Tuesday, 25 December 2007

The cost of money in the South African economy revisited

I am not an economist and make no claims to be one. I have an understanding of some elements of economic theory. I also believe that the policy of inflation targeting is generally correct.

In an earlier blog I suggested that high interest rates can in themselves be inflationary. Perhaps there is a point at which raising interest rates becomes counter productive.

I do understand that imported inflation fuels local inflation. Pressure is placed on suppliers to pass on the costs. Reducing aggregate demand by raising interest rates will reduce the inflationary pressure. The laws of supply and demand apply. The recent property boom was slowed dramatically by increasing rates. House prices have stabilised and perhaps even fallen as a result.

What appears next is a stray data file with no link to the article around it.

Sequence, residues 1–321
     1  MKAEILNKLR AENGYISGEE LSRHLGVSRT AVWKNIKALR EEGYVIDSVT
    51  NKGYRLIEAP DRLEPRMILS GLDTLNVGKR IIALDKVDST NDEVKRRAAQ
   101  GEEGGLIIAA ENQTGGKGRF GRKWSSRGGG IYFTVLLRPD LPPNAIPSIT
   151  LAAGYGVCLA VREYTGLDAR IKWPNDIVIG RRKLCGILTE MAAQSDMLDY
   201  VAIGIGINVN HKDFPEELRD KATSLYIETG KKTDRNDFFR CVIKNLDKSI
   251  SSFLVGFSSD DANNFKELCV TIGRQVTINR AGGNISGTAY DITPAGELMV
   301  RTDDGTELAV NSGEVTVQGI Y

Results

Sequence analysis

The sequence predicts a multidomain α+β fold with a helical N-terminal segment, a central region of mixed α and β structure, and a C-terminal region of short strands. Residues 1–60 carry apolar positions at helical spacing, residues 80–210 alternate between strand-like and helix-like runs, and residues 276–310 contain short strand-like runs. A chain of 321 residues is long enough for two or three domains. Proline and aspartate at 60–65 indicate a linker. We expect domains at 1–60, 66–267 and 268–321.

Higher interest rates also serve to make the local currency more attractive to foreign investors. This helps to strengthen the currency thereby reducing the extent and impact of imported inflation.

Under a previous governor of the Reserve Bank many years ago, interest rates soared to about 26% in a futile effort to calm inflation. It didn’t work. Is there a point at which high interest rates actually become inflationary? When the rate of interest becomes a significant cost factor can it contribute towards cost-push type inflation?

Another observation is that when we see interest rate changes in the US, these are usually in steps of 25 basis points. Our interest rate adjustments have all been at 50 basis points. Perhaps we should adapt a more cautious approach?


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